The late atheist philosopher Richard Rorty echoed Churchland’s analysis of the implications of Darwinian theory: “The idea that one species of organism is, unlike all the others, oriented not just toward its own uncreated prosperity but toward Truth, is as un-Darwinian as the idea that every human being has a built-in moral compass—a conscience that swings free of both social history and individual luck.” [2]

If naturalistic evolution is interested in survival rather than truth, I may believe a lot of things that help me to survive—human dignity and worth, human rights. But these beliefs may be completely false.  On the other hand, if we are truth-seeking beings (a reflection of what the Bible calls “the image of God”), this makes a lot better sense if a rational, intelligent being created us to think or reason—to have genuine knowledge. Being made in the image of a rational God means we have good reason to trust our minds as generally reliable rather than malfunctioning or systematically misleading us.

So much for review.  Another implication of naturalism is that it must deny free will or personal responsibility.  If matter is all the reality there is, how could free will emerge?  Our beliefs are the necessary result of certain physical inputs.  It’s like a prism of colors that is inevitably formed when sunlight is refracted through mist or rain.  Certain physical inputs lead necessarily to certain outputs.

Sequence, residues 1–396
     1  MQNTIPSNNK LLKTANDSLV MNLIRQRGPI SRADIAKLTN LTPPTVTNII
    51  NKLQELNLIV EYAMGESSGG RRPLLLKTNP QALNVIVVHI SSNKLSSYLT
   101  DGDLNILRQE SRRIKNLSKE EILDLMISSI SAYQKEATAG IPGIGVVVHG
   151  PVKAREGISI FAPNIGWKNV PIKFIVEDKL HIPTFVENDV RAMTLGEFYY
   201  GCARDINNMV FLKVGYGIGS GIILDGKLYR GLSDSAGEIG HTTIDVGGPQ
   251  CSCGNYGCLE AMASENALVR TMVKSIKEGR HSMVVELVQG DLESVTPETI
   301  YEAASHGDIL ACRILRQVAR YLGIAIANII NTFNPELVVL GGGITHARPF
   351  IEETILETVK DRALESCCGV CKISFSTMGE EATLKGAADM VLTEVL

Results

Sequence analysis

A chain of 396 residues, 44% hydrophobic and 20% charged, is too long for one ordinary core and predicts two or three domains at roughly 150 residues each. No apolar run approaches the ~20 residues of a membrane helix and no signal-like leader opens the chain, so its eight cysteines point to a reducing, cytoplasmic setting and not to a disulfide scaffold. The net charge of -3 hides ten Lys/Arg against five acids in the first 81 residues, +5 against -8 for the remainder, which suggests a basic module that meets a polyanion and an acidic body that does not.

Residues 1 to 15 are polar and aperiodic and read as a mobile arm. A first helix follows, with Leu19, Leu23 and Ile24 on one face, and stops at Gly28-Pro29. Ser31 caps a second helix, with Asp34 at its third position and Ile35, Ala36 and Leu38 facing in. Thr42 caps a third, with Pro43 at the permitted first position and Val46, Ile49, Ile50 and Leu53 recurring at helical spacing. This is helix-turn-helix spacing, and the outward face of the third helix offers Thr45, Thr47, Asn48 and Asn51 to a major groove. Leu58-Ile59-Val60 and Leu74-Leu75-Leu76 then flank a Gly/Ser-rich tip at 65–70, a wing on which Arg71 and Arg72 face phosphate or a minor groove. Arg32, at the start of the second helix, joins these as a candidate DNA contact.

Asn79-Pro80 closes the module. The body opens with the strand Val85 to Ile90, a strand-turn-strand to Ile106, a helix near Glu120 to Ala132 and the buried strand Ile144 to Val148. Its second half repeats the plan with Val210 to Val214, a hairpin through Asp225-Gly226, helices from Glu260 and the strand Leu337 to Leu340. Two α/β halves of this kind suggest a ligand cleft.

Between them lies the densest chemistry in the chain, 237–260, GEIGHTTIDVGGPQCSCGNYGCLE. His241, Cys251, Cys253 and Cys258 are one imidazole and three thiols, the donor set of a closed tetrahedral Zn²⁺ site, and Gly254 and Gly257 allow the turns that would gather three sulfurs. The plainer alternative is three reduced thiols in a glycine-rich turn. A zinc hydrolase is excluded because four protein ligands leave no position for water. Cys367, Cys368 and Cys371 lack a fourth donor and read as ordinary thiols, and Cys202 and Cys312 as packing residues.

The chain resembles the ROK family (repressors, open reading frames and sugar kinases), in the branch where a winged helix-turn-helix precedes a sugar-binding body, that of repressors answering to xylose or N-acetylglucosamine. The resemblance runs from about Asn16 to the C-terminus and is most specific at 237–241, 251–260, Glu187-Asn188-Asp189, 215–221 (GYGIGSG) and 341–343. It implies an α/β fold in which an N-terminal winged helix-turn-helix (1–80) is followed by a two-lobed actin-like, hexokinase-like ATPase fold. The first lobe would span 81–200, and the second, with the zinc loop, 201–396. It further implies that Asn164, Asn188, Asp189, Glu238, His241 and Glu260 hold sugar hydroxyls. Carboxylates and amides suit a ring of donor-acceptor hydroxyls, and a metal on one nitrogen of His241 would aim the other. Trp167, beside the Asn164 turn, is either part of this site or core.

On naturalism, there is no self that makes decisions, and no “decisions” really matter.  The buck doesn’t stop with the agent since “no one” is making those decisions.  “Choices” are not up to me.  They are the product of material forces that impose themselves on each of us—forces over which we have no control.

Atheist philosopher of mind John Searle of Berkeley makes this quite clear.  “Physical events can have only physical explanations, and consciousness is not physical, so consciousness plays no explanatory role whatsoever. If, for example, you think you ate because you were consciously hungry, or got married because you were consciously in love with your prospective spouse, or withdrew your hand from the flame because you consciously felt a pain, or spoke up at a meeting because you consciously disagreed with the main speaker, you are mistaken in every case. In each case the effect was a physical event and therefore must have an entirely physical explanation.”[3]